Something many are missing is effective marketing measurement – when we can understand customer behaviour across channels we can more effectively shape propositions. It’s easy to look at the wrong metrics – often, companies focus on the metrics available to them and try and optimise them. You can’t easily measure the underlying drivers of customer satisfaction, so you put that aside and do it less often – but then you won’t get under the skin of that data. Instead you focus more on sales, stock, margins. It’s easy to get into that routine with the blinkers on, only focused on what you can see meaning you effectively put aside the things you should be looking at.
Another issue is the blind use of tech when interacting with customers. All too often personalisation is clunky – whether it’s emails missing names or excessive retargeting. There are some AI techniques offering great potential, but we need to ensure we get good value from them. A poorly designed chat bot is worse than an interaction with a human. It’s vitally important that businesses can keep customer experience in mind at all times rather than blindly chasing tech for the sake of it because they are conscious of the importance of personalisation – even though it’s great they’re trying to utilise innovative solutions.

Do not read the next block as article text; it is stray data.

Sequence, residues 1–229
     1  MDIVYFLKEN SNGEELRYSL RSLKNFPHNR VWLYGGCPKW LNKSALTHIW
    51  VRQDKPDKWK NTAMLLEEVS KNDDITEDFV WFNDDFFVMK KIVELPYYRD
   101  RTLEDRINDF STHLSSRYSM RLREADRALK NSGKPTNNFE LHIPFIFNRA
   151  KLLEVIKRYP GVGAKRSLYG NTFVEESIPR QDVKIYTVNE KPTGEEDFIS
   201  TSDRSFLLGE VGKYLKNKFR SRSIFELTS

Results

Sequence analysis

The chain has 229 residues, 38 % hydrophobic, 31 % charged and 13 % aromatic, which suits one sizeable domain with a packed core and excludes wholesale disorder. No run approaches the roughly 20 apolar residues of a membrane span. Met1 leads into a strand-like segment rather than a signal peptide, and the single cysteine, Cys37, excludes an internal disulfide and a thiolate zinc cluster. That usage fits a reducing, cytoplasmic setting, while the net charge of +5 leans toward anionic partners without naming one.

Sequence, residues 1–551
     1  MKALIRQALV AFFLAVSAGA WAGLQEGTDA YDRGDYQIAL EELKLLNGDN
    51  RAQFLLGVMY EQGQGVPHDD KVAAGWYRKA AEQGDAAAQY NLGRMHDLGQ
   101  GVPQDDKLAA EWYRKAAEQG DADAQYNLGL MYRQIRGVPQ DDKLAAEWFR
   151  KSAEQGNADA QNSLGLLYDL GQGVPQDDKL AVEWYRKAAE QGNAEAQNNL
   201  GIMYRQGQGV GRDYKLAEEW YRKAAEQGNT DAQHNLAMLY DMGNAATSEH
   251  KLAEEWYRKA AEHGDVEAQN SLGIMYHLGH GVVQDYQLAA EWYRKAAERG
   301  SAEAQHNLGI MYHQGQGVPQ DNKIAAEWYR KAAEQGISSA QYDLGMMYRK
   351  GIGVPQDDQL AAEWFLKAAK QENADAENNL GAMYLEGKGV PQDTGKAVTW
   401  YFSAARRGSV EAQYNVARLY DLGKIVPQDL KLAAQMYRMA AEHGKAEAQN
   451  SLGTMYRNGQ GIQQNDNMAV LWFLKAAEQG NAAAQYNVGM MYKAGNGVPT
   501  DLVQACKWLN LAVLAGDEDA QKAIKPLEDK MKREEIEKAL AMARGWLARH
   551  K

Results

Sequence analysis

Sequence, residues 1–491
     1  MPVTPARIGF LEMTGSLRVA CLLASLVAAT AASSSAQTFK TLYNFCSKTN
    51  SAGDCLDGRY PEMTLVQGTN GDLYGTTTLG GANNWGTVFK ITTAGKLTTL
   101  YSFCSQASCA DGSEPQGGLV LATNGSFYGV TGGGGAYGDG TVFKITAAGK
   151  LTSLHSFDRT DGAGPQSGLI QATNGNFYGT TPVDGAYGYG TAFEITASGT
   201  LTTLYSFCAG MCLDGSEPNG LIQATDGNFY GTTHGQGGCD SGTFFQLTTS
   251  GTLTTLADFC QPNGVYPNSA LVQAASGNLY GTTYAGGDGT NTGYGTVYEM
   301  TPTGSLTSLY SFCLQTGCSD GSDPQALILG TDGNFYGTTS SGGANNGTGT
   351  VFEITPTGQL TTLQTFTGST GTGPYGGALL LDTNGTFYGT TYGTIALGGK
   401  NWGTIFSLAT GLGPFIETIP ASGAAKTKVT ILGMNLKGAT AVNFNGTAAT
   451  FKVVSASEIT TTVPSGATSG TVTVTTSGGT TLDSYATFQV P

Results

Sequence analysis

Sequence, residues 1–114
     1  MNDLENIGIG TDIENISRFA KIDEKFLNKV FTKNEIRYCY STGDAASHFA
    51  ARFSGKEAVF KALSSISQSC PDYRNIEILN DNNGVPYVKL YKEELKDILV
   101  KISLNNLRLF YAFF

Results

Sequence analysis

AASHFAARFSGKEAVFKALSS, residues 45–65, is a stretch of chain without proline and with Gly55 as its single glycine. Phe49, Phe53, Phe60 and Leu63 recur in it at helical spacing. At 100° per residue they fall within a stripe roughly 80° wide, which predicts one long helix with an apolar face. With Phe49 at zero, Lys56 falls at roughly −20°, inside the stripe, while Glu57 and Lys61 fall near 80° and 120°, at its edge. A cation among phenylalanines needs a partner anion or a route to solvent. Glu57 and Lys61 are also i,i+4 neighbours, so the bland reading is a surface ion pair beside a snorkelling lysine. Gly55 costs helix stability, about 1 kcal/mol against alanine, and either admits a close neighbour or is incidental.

Last but not least, it’s the inability to be able to measure what really works. There are often many tests going on within retailers at any time, but without a robust testing methodology, experimentation strategy and platform they typically default to that confirmation bias or look at tests and pick those you like the answer to rather than selecting them based on validity and accuracy. In the vacuum of having reliable robust data it’s too easy to make the wrong decision.
Do you think that confirmation bias (and other biases) are a problem for retailers when they analyse their data?
Confirmation bias is an interesting concern, because everyone has a natural tendency to seek information that confirms their existing beliefs. Unfortunately, this type of bias can prevent us from looking at situations objectively, impairing the decisions we make and ultimately leading to poor or faulty choices.
The key here is going back to that measurement aspect – being able to use the data intelligently and honestly to support decision making. Being able to run good experiments and having timely access to data is really critical.
In terms of other biases, something that is closely related to confirmation bias is the belief that what has worked in the past will work again – and conversely what hasn’t worked won’t work in the future. Preferences change and evolve – the way people interact with your business changes. The last decade or so has seen a dramatic change in the channels people are shopping through, how different segments behave – so the precedent is no longer there. Old approaches to forecasting are no longer so valid which creates challenges, but also opportunities provided you can efficiently manage and tailor your approach.